Before arriving at a potential treatment for humans, the researchers are planning to evaluate the effectiveness of new drugs to awaken similar virus reservoirs in monkeys and determine where the virus is hidden. If the drugs are well tolerated, clinical trials will begin in a few years. After 30 years of research to cure HIV infection and AIDS, this opens a whole new avenue in understanding how scientists could track and find infected cells, then wake up and kill the virus hiding deep inside.
Full bibliographic information
“Single-cell characterization of viral translation-competent reservoirs in HIV-infected individuals.", Amy E. Baxter, Julia Niessl, Rémi Fromentin, Jonathan Richard, Filippos Porichis, Roxanne Charlebois, Marta Massanella, Nathalie Brassard, Nirmin Alsahafi, Gloria-Gabrielle Delgado, Jean-Pierre Routy, Bruce D. Walker, Andrés Finzi, Nicolas Chomont, Daniel E. Kaufmann,
Cell Host & Microbe, September 14, 2016.
About the study
The study “Single-cell characterization of viral translation-competent reservoirs in HIV-infected individuals" was highlighted as a featured article of the September 14, 2016 edition of Cell Host & Microbe. Dr. Daniel Kaufmann (CRCHUM & University of Montreal) and Amy Baxter (CRCHUM & University of Montreal) are senior author and first author of the study, respectively. The study was funded primarily by the National Institutes of Health, the Canadian Institutes of Health Research (CIHR) (Grant #137694), the Canada Foundation for Innovation, and the Réseau sida et maladies infectieuses du Fonds de recherche du Québec – Santé (FRQS).
For more information, see the study: www.sciencedirect.com/science/article/pii/S1931312816303146
Cell Host & Microbre editorial:
Source: University of Montreal Hospital Research Centre (CRCHUM).
Julie Gazaille | AlphaGalileo
Cryo-electron microscopy achieves unprecedented resolution using new computational methods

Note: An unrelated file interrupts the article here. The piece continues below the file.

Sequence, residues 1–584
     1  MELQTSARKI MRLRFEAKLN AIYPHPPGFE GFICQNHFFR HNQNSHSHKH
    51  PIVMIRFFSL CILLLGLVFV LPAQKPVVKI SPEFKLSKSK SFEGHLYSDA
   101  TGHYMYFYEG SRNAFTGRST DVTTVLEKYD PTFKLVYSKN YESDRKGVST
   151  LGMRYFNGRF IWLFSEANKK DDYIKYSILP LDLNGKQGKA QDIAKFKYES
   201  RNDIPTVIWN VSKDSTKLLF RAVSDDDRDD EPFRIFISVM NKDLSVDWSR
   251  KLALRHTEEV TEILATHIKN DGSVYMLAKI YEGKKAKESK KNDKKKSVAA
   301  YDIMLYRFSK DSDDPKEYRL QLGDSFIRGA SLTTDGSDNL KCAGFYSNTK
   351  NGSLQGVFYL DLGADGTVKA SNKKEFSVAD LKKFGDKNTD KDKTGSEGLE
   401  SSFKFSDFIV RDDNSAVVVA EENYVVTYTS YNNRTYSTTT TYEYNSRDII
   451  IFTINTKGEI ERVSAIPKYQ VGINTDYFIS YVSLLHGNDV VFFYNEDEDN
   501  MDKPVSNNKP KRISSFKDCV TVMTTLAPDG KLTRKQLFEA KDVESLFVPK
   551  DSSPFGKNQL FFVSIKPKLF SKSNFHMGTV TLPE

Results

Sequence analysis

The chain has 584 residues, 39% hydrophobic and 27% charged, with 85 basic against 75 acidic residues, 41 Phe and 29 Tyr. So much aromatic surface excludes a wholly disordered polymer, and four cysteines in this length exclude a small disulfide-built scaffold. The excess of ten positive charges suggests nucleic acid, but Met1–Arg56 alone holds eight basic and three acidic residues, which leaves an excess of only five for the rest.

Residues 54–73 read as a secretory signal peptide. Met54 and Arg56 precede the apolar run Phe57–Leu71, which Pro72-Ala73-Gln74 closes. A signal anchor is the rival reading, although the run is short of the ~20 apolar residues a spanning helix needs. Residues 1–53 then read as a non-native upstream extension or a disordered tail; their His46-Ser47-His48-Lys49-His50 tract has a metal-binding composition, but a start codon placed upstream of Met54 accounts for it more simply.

24.03.2017 | DOE/Lawrence Berkeley National Laboratory
How cheetahs stay fit and healthy
24.03.2017 | Forschungsverbund Berlin e.V.
Astronomers from Bonn and Tautenburg in Thuringia (Germany) used the 100-m radio telescope at Effelsberg to observe several galaxy clusters. At the edges of these large accumulations of dark matter, stellar systems (galaxies), hot gas, and charged particles, they found magnetic fields that are exceptionally ordered over distances of many million light years. This makes them the most extended magnetic fields in the universe known so far.
The results will be published on March 22 in the journal „Astronomy & Astrophysics“.
Galaxy clusters are the largest gravitationally bound structures in the universe. With a typical extent of about 10 million light years, i.e. 100 times the...
Researchers at the Goethe University Frankfurt, together with partners from the University of Tübingen in Germany and Queen Mary University as well as Francis Crick Institute from London (UK) have developed a novel technology to decipher the secret ubiquitin code.
Ubiquitin is a small protein that can be linked to other cellular proteins, thereby controlling and modulating their functions. The attachment occurs in many...
In the eternal search for next generation high-efficiency solar cells and LEDs, scientists at Los Alamos National Laboratory and their partners are creating...
Silicon nanosheets are thin, two-dimensional layers with exceptional optoelectronic properties very similar to those of graphene. Albeit, the nanosheets are less stable. Now researchers at the Technical University of Munich (TUM) have, for the first time ever, produced a composite material combining silicon nanosheets and a polymer that is both UV-resistant and easy to process. This brings the scientists a significant step closer to industrial applications like flexible displays and photosensors.
Silicon nanosheets are thin, two-dimensional layers with exceptional optoelectronic properties very similar to those of graphene. Albeit, the nanosheets are...
Enzymes behave differently in a test tube compared with the molecular scrum of a living cell. Chemists from the University of Basel have now been able to simulate these confined natural conditions in artificial vesicles for the first time. As reported in the academic journal Small, the results are offering better insight into the development of nanoreactors and artificial organelles.
Enzymes behave differently in a test tube compared with the molecular scrum of a living cell. Chemists from the University of Basel have now been able to...
20.03.2017 | Event News
14.03.2017 | Event News
07.03.2017 | Event News
24.03.2017 | Materials Sciences
24.03.2017 | Physics and Astronomy
24.03.2017 | Physics and Astronomy